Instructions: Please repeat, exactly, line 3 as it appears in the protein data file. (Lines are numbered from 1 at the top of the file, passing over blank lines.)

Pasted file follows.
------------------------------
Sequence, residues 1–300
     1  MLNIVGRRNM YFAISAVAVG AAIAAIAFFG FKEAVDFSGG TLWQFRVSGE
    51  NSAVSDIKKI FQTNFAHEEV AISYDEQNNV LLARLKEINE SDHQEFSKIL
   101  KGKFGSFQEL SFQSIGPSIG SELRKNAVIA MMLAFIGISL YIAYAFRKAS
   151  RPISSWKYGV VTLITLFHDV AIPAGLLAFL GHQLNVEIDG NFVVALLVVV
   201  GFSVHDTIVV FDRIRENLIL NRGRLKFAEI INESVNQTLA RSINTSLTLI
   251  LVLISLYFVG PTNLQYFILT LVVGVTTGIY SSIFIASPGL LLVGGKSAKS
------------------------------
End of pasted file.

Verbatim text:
    51  NSAVSDIKKI FQTNFAHEEV AISYDEQNNV LLARLKEINE SDHQEFSKIL